Keeping in mind the structural features of F1just presented, it is now possible to understand the Binding-Change Model that explains how the rotational energy of the central stalk is transduced into the production of ATP. In this model, the gamma subunit of the central stalk sequentially engages the beta subunits of F1 as it rotates in sync with the Fo rotor. This interaction induces conformational changes that drive the release of ATP from these catalytic subunits. Each stationary beta subunit transitions between three conformations. These are LOOSE, TIGHT, and OPEN and each beta subunit cycles sequentially between them (L --> T--> O), the cycles being orchestrated by the rotating gamma subunit of the central stalk. The LOOSE conformation permits the loose binding of ADP and Pi substrates, but ATP catalysis does not occur until the beta subunit transitions to the TIGHT conformation. The TIGHT conformation produces ATP (ADP + Pi ---> ATP) but is incapable of releasing this catalytic product. Only when the TIGHT to OPEN conformational change is induced can the beta subunit release ATP.

BUTTON

This process can be visualized. The perspective here is from the bottom of the ATP Synthase, looking up toward the membrane. In this bottom-up view, the rotation of the central stalk gamma subunit is counterclockwise. With each rotation of 120 degrees, the gamma subunit engages a stationary beta catalytic subunit, changing its conformational state as described. The result is the production and release of ATP by F1.

Remembering that each 360 degree rotation of the Fo rotor is linked to a 360 degree rotation of the central stalk, a simple calculation reveals the stoichiometry of H+ translocation through Fo and ATP production by F1. If there are 12 c subunits in the c ring of Fo (each carrying a proton), and each 360 rotation of the gamma subunit of the central stalk produces 3 ATPs (one for each F1 beta subunit), then the transport of 4 protons are required to generate every ATP (12 protons/rotation of the c ring rotor / 3 ATPs/rotation of the central stalk). Of course, this ratio depends upon the number of c subunits in the Fo rotor, which can vary depending on the ATP Synthase under consideration.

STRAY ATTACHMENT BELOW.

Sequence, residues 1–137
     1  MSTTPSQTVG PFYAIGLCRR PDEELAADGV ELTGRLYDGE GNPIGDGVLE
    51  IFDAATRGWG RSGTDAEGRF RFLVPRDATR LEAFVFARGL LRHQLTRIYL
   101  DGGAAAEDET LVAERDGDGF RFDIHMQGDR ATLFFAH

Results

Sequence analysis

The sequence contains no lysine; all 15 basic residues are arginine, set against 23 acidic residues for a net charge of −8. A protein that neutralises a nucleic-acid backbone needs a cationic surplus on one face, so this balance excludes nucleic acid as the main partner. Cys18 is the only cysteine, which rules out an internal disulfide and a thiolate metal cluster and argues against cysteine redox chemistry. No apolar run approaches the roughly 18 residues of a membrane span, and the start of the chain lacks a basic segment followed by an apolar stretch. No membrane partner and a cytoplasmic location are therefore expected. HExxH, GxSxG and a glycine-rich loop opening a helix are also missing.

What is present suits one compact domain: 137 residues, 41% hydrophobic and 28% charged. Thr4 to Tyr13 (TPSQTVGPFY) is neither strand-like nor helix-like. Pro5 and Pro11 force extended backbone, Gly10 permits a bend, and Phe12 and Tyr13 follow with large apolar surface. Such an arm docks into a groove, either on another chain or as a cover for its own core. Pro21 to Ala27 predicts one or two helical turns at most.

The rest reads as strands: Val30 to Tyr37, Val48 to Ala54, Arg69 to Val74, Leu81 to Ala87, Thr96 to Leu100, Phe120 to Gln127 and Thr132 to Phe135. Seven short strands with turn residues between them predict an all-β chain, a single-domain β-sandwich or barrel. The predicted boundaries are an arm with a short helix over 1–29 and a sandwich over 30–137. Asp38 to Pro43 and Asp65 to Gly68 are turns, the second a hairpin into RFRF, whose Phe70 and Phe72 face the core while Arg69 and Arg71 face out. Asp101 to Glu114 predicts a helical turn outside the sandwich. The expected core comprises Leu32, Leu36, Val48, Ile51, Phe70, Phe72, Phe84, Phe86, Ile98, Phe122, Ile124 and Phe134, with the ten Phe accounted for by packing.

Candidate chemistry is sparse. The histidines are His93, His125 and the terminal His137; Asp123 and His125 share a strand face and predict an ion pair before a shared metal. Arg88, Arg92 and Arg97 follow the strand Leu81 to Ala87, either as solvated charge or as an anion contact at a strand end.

Clearly, understanding the structure-function relationships of ATP Synthase gives one a deep appreciation of the power of natural selection in fashioning amazing biomolecular machines!


BUTTON

return to beginning



IV. References

Gibbons, C.; et. All.  The Structure of the Central Stock in Bovine F1-ATPase at 2.4 Å resolution. Nature Structural Biology. 2000 Nov;7(11):1002-4.

Rastogi, V.K.; Girvin, M.  Structural Changes Linked to Proton translocation by Subunit C of the ATP Synthase. Nature. 1999 Nov 18;402(6759):247, 249. 

Stock D., Leslie, A.G and Walker, J.E.. Molecular architecture of the rotary motor in ATP synthase. Science. 1999 Nov 26;286(5445):1700-5.


return to beginning